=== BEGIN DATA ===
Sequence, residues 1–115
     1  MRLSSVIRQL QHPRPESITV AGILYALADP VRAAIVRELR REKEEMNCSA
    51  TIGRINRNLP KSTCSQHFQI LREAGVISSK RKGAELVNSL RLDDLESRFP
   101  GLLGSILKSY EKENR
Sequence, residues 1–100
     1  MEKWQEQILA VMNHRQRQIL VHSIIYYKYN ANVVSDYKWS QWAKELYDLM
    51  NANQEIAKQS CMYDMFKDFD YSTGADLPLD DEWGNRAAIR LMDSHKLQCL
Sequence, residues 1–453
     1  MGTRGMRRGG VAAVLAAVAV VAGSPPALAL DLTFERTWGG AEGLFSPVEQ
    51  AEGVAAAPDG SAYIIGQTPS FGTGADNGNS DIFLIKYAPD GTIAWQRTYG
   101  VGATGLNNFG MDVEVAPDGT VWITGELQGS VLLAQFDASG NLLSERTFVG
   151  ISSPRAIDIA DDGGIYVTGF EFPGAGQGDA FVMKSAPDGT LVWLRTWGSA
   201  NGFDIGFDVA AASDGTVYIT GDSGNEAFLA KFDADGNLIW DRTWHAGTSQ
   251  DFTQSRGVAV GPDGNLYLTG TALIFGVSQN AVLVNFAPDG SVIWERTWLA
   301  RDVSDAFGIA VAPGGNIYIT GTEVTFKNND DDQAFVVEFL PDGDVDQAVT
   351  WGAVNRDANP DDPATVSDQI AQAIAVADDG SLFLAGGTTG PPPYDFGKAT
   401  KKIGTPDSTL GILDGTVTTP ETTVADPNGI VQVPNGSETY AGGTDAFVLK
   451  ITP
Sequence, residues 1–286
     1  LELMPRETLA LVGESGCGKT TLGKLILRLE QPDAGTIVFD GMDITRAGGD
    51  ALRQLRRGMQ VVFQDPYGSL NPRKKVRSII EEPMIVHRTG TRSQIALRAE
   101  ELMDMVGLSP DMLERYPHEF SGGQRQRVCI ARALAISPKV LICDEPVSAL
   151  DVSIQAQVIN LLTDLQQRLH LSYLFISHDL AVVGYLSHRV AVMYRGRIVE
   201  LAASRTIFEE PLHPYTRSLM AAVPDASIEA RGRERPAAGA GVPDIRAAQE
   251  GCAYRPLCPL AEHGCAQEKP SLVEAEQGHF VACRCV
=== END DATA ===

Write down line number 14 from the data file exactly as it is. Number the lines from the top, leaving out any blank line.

   251  DFTQSRGVAV GPDGNLYLTG TALIFGVSQN AVLVNFAPDG SVIWERTWLA